I believe I have written three letters to The Times over the years, one in which I tried to make the case that public schools can not do it alone and must have the support of the larger community in meeting the challenging needs and demands placed upon it.
In a second one, I defended the outcomes/goals movement developing at the time in public education — much to the concern of local school administrators — if the goals were intended to prepare self-directed learners with strong critical-thinking, decision-making, communication and interpersonal skills who could work as individuals and in groups or teams in a society increasingly moving in a group-oriented direction. In that letter, I pledged the continued support begun by founding President Hugh Mills that Gainesville College in Oakwood would be a partner as an access and opportunity institution as we moved forward.
The third letter was a thank you from myself, Janice and our family for the overwhelming support we felt from the community during our time in leading the college and living in the community we affectionately defined as Emerging Northeast Georgia, with Gainesville as the mini-capital. Hopefully, this makes the case that I write to the paper infrequently and only on special occasions.
Janice and I attended a very special event on Wednesday at the Gainesville campus of the newly merged University of North Georgia. The event was hosted by the two foundations moving successfully in a merged direction.
The Donor Wall, which captured very effectively the giving history of the two institutions, was opened to public view for the first time. The Wall, in the lobby of the Continuing Education Building on the way to the Ed Cabell Theatre, will be viewed by many over the years while on the way to the theater.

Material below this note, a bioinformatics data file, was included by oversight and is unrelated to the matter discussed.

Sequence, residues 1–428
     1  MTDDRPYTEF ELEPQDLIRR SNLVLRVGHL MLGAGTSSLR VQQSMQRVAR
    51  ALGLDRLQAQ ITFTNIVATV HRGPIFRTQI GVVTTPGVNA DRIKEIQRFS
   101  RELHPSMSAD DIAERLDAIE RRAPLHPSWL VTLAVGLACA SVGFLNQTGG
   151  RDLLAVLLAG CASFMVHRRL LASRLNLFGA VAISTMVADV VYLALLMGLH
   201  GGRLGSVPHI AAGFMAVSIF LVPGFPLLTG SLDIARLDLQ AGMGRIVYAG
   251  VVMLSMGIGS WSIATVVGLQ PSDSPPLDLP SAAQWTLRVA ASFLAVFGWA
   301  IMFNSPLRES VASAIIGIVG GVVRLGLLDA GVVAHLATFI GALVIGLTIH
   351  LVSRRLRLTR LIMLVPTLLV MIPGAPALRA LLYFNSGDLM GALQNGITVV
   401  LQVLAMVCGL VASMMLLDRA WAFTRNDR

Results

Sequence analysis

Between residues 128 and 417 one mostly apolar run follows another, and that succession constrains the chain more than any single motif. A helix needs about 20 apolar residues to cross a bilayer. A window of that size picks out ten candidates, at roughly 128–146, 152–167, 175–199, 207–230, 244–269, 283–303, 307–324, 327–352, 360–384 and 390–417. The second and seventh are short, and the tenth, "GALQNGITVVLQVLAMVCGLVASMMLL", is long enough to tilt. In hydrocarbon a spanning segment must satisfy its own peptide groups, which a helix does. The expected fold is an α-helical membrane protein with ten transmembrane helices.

As stressed by President Bonita Jacobs in her remarks, we hope it is not only a recognition of the past support both institutions have received over the years but also as an appropriate reminder that the challenges loom even greater in the future for UNG, as the financial support of public higher education from governmental sources continues to go in the wrong direction.
The Wall had such an impact on me I did not work the crowd, as I should have, which included many of the supporters who had been with the college from the beginning. I was almost moved to ask Bonita to let me say something when she acknowledged the presence of Janice and me, along with Martha and Pete Nesbitt, the other past presidential couple in the crowd. But those of you who know Foster best know that would have been a mistake.
The feelings I reflected on during our drive home was for an opportunity to express a big thank you with as much meaning as possible. Hopefully, this fourth letter to The Times has been effective in doing so. Occasionally, when our travels carry us by the campus, I never miss a chance to pick up a copy of the paper as a way of staying current to a degree with the college and the community we called home for some 15 years.
J. Foster Watkins